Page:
BT & Vodafone Rally Around Huawei
LONDON -- Connected Britain -- UK telcos BT and Vodafone have reiterated calls for the government not to impose a 5G ban on Huawei as the US continues to wage a campaign against the controversial Chinese vendor.
Despite the efforts of Huawei's rivals to prove they are a viable substitute, executives from the two operators said banning the Chinese vendor -- now the world's biggest supplier to communications service providers globally -- would hinder the rollout of next-generation 5G networks and be a huge setback for the UK economy.
"I think it would be a great shame and slow us all down and give us less choice in the market," said Neil McRae, BT's chief architect, during a panel session at this week's Connected Britain event in London. "While national security is a concern there are lots of safeguards in place and if that ban happens there will be a downside -- not just for the UK but for digital tech as a whole."
Scott Petty, the chief technology officer of Vodafone UK, said he was in broad agreement. "The risk is manageable in the RAN [radio access network] and not using Huawei equipment would slow down deployment and we'd have to swap out sites first," he said.
Operators are pushing back against US claims that Huawei poses a threat to security because of its close links to the Chinese government. US hardliners have argued that Huawei's products may include "backdoors" for Chinese spies.
The UK has come under pressure because it shares critical intelligence with US authorities -- as a member of the "Five Eyes" intelligence-sharing club of nations -- and may be seeking a favorable trade deal with the US when it leaves the European Union later this year.
The Department for Culture, Media and Sport (DCMS) was thought to be leaning toward excluding Huawei from the vulnerable "core" network systems but allowing it to sell 5G radio gear to UK operators.
Such a move would have limited impact on the UK's operators. BT is the only one that uses Huawei in its mobile core, and it already plans to replace the Chinese vendor with Cisco, Ericsson or Nokia when it migrates to a 5G network.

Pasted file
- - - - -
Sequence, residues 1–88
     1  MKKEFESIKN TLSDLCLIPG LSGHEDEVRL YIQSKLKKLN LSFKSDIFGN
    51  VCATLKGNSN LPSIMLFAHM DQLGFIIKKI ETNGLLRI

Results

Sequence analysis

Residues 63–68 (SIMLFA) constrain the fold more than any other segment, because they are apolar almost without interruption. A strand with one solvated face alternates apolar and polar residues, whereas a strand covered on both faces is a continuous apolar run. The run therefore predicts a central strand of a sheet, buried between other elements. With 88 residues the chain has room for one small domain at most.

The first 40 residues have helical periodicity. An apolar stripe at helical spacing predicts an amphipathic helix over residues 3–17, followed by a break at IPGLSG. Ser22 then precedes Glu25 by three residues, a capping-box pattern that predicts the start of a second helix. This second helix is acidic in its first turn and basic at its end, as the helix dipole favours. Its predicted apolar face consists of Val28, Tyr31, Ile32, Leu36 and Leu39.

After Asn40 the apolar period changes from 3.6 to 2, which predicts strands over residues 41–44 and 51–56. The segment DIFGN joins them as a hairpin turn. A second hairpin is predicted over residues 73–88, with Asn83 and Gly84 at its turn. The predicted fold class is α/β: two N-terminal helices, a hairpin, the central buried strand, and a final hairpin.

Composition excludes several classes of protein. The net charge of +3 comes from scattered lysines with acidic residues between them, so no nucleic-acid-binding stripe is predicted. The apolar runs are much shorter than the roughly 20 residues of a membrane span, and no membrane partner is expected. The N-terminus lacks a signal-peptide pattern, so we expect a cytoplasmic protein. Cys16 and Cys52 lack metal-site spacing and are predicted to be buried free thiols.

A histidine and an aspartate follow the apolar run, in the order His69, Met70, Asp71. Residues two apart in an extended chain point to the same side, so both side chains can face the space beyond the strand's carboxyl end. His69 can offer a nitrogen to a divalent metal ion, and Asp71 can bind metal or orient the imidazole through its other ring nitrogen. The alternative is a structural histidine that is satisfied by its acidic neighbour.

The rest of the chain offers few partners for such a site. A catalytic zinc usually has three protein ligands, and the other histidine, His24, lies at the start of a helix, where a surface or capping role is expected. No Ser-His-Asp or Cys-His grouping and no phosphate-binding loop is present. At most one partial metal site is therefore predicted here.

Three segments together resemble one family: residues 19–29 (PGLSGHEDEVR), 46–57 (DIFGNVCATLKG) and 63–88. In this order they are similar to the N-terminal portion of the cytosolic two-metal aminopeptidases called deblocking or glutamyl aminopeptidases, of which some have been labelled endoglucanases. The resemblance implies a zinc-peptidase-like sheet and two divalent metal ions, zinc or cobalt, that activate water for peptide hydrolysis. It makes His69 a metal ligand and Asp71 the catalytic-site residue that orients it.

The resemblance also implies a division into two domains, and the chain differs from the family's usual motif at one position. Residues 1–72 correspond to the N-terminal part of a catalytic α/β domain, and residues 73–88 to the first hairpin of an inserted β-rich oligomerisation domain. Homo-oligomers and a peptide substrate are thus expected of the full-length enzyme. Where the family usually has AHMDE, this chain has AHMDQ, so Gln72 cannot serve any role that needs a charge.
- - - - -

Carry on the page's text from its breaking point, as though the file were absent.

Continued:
But Jeremy Wright, the Secretary of State for the DCMS, last week said US moves against Huawei have made a UK decision about the Chinese vendor's role in 5G networks "a more difficult judgment than it was before."
His remarks came after Huawei's name was added to a US trade blacklist that stops US companies from selling to or buying from the Chinese vendor without a special government license. The measure could prove crippling because some of Huawei's products rely heavily on US components.
A UK radio ban would be a major concern because most operators are dependent on Huawei in that part of the network. Although 5G equipment is still not widely deployed, Vodafone reckons it would have to replace Huawei's 4G basestations to guarantee interoperability with the new 5G vendor.
That is despite recent entreaties by Ericsson and Nokia, Huawei's main 5G rivals, which say they have the technologies to address this interoperability problem.
Nokia has made a big deal about an "overlay" technology that would allow a 5G customer to retain Huawei's 4G basestations. "If you have another vendor's 4G and want to bring in Nokia's 5G, then rather than use this other vendor's 4G as the link to 5G you introduce a thin layer of Nokia 4G," said Rajeev Suri, Nokia's CEO, in a recent discussion with Light Reading.
On the RAN side, BT currently relies on Huawei in urban areas and Nokia in less densely populated areas, while Vodafone says Huawei equipment is used at about 6,000 of its 18,000 mobile sites. Ericsson accounts for the remaining RAN footprint bar 12% of Nokia sites but is replacing its Finnish rival in Vodafone's network.
BT is now considering whether to introduce a third RAN vendor alongside Huawei and Nokia, said Howard Watson, BT's chief technology and information officer, in a recent conversation with Light Reading.
Three, the smallest of the four mobile network operators, picked Huawei as its sole 5G RAN supplier earlier this year, despite using Nokia for 3G and Samsung as a 4G vendor.
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— Iain Morris, International Editor, Light Reading